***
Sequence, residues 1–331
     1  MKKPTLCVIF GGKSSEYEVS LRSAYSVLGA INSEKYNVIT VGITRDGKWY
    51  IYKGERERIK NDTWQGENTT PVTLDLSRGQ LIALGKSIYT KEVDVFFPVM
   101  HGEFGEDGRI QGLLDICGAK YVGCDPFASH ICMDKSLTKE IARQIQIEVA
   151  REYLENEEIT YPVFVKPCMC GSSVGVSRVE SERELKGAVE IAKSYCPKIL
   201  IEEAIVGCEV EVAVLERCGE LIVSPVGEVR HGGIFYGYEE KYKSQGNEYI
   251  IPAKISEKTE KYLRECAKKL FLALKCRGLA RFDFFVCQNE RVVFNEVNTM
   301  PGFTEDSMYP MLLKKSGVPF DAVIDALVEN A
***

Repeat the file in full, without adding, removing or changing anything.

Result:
Sequence, residues 1–331
     1  MKKPTLCVIF GGKSSEYEVS LRSAYSVLGA INSEKYNVIT VGITRDGKWY
    51  IYKGERERIK NDTWQGENTT PVTLDLSRGQ LIALGKSIYT KEVDVFFPVM
   101  HGEFGEDGRI QGLLDICGAK YVGCDPFASH ICMDKSLTKE IARQIQIEVA
   151  REYLENEEIT YPVFVKPCMC GSSVGVSRVE SERELKGAVE IAKSYCPKIL
   201  IEEAIVGCEV EVAVLERCGE LIVSPVGEVR HGGIFYGYEE KYKSQGNEYI
   251  IPAKISEKTE KYLRECAKKL FLALKCRGLA RFDFFVCQNE RVVFNEVNTM
   301  PGFTEDSMYP MLLKKSGVPF DAVIDALVEN A